Sunday, April 23, 2023
Third Sunday of Easter
Acts 2:14, 22-23
1 Peter 1: 17-21
Luke 24: 13-35
The Lord is risen! He is risen indeed!
In February, I had the opportunity to take a vacation of a couple weeks to visit my family in Colombia. As I let my parishioners know about my time off and asked for their prayers for safe travels, some of the most frequent questions they asked were: What are you looking forward to the most when you go back home? What do you miss the most about Colombia? What is the first thing you are going to do or want to do when you are there?
It is amazing that the “thing” that Jesus wanted to do before he offered himself as a sacrifice for the forgiveness of our sins — and the first “thing” he wanted to do after destroying death by rising from the death — was to celebrate Mass.
In the Gospel, we read how St. Luke, a masterful storyteller, incisively describes how the disciples had completely lost their bearings and sense of spiritual direction in the overwhelming aftermath of Jesus’ death: “They stopped, looking downcast.” (Luke 24:17) They lost their hope in Jesus who, according to what they hoped for, was going to take the throne of David here on earth. “We were hoping that he would be the one to redeem Israel,” (Luke 24:21) but they witness “how our chief priests and rulers both handed him over to a sentence of death and crucified him,” (24:20) and what seemed worse, “and besides all this, it is now the third day since this took place.” (24:21) Here is where Jesus entered into their lives again, but they failed to recognize their Lord. Responding to his question about their conversation, the men explained their confusion. Jesus was “a prophet mighty in deed and word,” and yet he had not fulfilled their hope for redemption. (24:21) In addition to this disappointment, there was the added mystery of the empty tomb, although they apparently hadn’t reached a conclusion about what it might actually mean.
Jesus reproached them and took them to the Scriptures, “beginning with Moses and with all the prophets,” (24:27) to show them the true nature and mission of “the Christ.” There are several passages that Jesus likely showed them, including Deuteronomy 18:15, which promised “a prophet” like Moses; Psalm 2:7, a Messianic psalm; and Isaiah 53, which describes the suffering servant, as well as others. The disciples had to be shown that salvation and glory wouldn’t come through political might or social upheaval, but through humiliation, suffering, through the apparent defeat of the cross.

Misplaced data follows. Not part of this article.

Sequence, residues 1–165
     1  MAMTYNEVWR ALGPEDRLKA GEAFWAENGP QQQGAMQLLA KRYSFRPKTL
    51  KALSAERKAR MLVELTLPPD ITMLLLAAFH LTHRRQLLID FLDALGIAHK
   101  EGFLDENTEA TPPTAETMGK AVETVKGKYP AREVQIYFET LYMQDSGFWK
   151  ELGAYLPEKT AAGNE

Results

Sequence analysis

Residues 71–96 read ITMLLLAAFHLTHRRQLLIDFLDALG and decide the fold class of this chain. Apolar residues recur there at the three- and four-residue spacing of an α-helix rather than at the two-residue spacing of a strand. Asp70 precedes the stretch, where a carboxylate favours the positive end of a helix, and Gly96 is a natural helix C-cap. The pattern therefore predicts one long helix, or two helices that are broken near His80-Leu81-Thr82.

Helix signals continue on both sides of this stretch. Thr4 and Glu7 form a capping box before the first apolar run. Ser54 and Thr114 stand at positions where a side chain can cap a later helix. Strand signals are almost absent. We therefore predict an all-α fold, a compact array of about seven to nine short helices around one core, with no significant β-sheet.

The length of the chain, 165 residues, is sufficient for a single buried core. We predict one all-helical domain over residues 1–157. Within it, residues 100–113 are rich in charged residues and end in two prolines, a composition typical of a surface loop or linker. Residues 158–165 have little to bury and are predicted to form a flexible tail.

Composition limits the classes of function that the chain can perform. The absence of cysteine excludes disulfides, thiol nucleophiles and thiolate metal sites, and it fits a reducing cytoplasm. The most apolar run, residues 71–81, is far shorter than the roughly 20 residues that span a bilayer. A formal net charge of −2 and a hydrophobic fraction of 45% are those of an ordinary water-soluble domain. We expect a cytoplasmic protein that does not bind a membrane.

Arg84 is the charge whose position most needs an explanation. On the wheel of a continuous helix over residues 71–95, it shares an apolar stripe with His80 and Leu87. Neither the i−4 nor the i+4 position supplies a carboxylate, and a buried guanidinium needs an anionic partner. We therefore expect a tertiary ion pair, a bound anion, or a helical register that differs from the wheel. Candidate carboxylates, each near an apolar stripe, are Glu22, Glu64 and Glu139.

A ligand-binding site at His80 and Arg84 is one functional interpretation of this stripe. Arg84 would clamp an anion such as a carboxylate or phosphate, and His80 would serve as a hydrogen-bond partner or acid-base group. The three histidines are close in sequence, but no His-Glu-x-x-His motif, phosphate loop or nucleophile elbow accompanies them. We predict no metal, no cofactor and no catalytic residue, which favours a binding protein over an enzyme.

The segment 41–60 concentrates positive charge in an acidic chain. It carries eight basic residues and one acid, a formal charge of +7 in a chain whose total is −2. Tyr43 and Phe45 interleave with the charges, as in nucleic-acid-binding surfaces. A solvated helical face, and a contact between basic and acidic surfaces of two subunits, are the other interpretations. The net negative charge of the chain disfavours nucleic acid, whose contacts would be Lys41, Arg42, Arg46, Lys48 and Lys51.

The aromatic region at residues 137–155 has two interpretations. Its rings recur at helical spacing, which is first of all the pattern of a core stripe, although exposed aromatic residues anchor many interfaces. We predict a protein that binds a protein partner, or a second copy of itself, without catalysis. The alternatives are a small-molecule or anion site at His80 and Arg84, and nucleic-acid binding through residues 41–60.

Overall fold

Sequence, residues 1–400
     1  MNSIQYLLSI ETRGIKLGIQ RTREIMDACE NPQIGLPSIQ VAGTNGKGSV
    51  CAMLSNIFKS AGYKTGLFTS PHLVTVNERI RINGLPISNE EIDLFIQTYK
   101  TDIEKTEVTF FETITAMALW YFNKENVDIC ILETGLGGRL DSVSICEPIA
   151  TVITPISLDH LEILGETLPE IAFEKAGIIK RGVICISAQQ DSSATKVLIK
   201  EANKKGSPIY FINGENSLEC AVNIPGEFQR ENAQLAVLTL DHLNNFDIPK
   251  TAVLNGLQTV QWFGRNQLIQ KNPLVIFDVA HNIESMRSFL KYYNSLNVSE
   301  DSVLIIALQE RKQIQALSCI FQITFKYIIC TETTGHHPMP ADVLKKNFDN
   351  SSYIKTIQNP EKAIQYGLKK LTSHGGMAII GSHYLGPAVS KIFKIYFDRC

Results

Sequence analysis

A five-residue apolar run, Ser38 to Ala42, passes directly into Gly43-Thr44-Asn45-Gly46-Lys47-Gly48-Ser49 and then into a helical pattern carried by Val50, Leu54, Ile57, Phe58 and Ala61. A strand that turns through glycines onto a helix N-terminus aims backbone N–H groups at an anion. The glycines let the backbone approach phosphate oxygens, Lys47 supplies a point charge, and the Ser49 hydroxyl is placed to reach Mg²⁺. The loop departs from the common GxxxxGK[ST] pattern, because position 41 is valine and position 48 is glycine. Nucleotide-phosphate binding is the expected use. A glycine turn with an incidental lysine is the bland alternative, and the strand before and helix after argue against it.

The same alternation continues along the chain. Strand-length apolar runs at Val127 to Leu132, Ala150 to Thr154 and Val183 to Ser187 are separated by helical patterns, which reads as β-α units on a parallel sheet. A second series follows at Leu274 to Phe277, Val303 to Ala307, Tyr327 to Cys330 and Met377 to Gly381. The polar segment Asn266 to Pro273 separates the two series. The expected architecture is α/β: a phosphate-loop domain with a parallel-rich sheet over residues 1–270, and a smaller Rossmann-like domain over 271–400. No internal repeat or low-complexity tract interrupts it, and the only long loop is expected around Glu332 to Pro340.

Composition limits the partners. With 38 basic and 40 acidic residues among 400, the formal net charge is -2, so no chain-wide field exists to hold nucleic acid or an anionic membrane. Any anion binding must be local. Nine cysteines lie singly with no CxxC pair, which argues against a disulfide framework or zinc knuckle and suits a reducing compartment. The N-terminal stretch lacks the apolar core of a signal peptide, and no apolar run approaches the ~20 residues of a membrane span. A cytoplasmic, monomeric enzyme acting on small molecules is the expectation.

Thus, on the road to Emmaus, there was a relearning on the part of the disciples, who heard a deeper explanation of the Scriptures than they had heard many times before. This was necessary in order for them to really grasp the significance of the cross and its life-giving, soul-transforming meaning. This education came from the very one who sent the prophets and gave them words; who better than the Word Incarnate to illuminate the meaning of the sacred text? The narrative follows a distinct pattern of questioning, dialogue and exposition of Scripture, leading to a sacrament, which is a pattern Luke uses again in the story of the Ethiopian eunuch. (Acts 8)
The disciples finally recognized Jesus in the breaking of the bread. St. Luke purposefully uses the same description of Jesus’ actions — “he took bread, said a blessing, broke it and gave it to them”—as he does in his account of the Last Supper. (Luke 22:19-20) The recognition was a gift of grace, and it was intimately linked with the reality of the Eucharist, which is why they later told the others how Christ “was made known to them in the breaking of bread.” (22:35)
The story of the encounter on the road to Emmaus includes all of the essential elements of the liturgy: Scripture, prayer, blessing and the breaking of bread. The Catechism of the Catholic Church states that the “Eucharistic celebration always includes: the proclamation of the Word of God; thanksgiving to God the Father for all his benefits, above all the gift of his Son; the consecration of bread and wine; and participation in the liturgical banquet by receiving the Lord’s body and blood.” These elements, it emphasizes, “constitute one single act of worship.” (CCC 1408)
Every person hungers for this act of worship, for we were made to worship God and to be nourished with the Eucharist. God, in his goodness, responds to that hunger by accepting our worship and feeding us with his body, blood, soul and divinity, every time we come to Mass.
In the midst of the disciples’ confusion and blindness, Jesus sought them out, offered himself to them and opened their eyes. He wishes to meet all of us on our road: he wants us to meet him, know him and love him in the breaking of the bread.